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Reading a speech of Abraham Lincoln's, I ran across a construction which confused me:

The year that is drawing towards its close, has been filled with the blessings of fruitful fields and healthful skies. To these bounties, which are so constantly enjoyed that we are prone to forget the source from which they come, others have been added, which are of so extraordinary a nature, that they cannot fail to penetrate and soften even the heart which is habitually insensible to the ever watchful providence of Almighty God.

The phrase "which are of so extraordinary a nature" really confuses me, especially "a nature"; what does it mean?

Source: The first paragraph of Abraham Lincoln's Thanksgiving Proclamation, dated October 3, 1863.

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  • What specifically don't you understand? Note that ELU isn't here to paraphrase vast chunks of 150-year-old text. We address specific features of language usages, not "general comprehension". FWIW, Lincoln is taking a sideswipe at people who don't normally think of thanking God for the good things He gives them. Jan 15 '17 at 15:39
  • the clause "which are of so extraordinary a nature" confusing me,especially "a nature"
    – peter jams
    Jan 15 '17 at 15:43
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    @peter jams: If you edit your question to include that, you might just save it from being closed as "Unclear what you're asking". But also tell us what you do understand about the use of the words "which are of so extraordinary a nature", or it'll still get closed for lack of prior research. Note that adding clarification in comments won't help, because they're likely to be deleted at some point - all relevant details need to be in the question text. Jan 15 '17 at 15:47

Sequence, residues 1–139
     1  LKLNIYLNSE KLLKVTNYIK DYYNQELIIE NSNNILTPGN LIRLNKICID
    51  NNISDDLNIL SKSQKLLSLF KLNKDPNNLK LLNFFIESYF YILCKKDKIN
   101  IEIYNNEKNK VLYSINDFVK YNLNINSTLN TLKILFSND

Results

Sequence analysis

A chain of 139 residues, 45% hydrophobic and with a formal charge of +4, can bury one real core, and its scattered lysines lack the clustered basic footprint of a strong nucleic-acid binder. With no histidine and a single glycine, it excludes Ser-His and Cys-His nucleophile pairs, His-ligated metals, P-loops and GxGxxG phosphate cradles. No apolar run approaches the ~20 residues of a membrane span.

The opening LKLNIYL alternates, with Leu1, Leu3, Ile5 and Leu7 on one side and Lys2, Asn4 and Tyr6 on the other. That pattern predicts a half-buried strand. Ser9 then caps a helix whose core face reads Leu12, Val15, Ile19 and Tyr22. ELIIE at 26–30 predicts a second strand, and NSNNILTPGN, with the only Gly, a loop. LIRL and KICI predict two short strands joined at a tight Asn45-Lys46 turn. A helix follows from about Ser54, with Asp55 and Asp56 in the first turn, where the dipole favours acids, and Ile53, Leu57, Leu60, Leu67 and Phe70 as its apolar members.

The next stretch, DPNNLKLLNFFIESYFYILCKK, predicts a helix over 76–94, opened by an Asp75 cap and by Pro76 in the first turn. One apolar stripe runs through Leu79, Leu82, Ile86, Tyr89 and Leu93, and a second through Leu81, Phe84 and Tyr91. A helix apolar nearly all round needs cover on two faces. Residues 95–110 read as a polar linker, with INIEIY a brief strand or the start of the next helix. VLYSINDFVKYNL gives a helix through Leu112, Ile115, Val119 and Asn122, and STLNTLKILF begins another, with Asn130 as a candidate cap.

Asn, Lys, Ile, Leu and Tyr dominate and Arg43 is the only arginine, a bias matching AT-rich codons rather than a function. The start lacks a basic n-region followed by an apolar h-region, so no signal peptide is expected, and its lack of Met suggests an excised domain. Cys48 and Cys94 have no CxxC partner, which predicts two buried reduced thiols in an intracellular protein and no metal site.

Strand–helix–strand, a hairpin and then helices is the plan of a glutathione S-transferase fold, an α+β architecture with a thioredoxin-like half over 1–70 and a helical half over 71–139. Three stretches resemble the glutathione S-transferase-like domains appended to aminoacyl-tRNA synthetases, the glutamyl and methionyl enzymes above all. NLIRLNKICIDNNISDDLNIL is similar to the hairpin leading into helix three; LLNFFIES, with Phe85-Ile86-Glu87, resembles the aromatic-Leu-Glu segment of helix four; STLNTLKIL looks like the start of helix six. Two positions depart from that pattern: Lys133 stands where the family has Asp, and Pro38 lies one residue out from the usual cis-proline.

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    '... which are of such an extraordinary kind' comes close. Jan 15 '17 at 15:48
  • @Edwin: Or just which are so extraordinary. I don't think it really makes any difference whether the relevant bounties are intrinsically extraordinary (because of their nature), or just happen to be extraordinary in the context within which they occur (i.e. - in the mind of an early American politician seeking to unify the "newly-created nation" under the banner of Christianity). Jan 15 '17 at 15:55
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Yeah, there is a good reason people don't talk like that any more.

The year that is drawing towards its close (1), has been filled with the blessings of fruitful fields and healthful skies (2).

To these bounties (3), which are so constantly enjoyed (4) that we are prone to forget the source from which they come (5), others have been added (6), which are of so extraordinary a nature (7), that they cannot fail (8) to penetrate and soften even the heart (9) which is habitually insensible to the ever watchful providence of Almighty God (10).

  1. It is November 28, 1861, so the year is almost over. Let's talk about 1861.
  2. We have been having good weather, so the harvest has been good.
  3. In addition to the good weather and the good harvest
  4. Good weather and good harvest are common
  5. (4) is so common, we don't even think about where they come from (God)
  6. Other good stuff has happened
  7. The good stuff from (6) is unusual.
  8. Because the unusual good is unusual, it is going to have an effect
  9. The effect is changing the minds of people like Bob